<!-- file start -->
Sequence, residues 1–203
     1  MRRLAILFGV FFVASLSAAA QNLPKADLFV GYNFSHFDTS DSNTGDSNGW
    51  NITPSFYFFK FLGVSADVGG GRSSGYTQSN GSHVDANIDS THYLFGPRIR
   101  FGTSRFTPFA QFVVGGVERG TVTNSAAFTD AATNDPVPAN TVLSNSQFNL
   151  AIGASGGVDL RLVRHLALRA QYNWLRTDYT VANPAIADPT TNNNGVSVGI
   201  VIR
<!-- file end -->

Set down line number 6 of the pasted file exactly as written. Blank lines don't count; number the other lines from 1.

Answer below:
   201  VIR